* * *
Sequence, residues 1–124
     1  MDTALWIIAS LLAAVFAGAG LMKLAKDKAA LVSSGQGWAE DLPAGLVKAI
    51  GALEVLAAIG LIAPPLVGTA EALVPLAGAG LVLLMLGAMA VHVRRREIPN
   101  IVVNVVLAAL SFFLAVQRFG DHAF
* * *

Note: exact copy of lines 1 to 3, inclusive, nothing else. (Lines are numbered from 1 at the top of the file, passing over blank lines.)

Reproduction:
Sequence, residues 1–124
     1  MDTALWIIAS LLAAVFAGAG LMKLAKDKAA LVSSGQGWAE DLPAGLVKAI
    51  GALEVLAAIG LIAPPLVGTA EALVPLAGAG LVLLMLGAMA VHVRRREIPN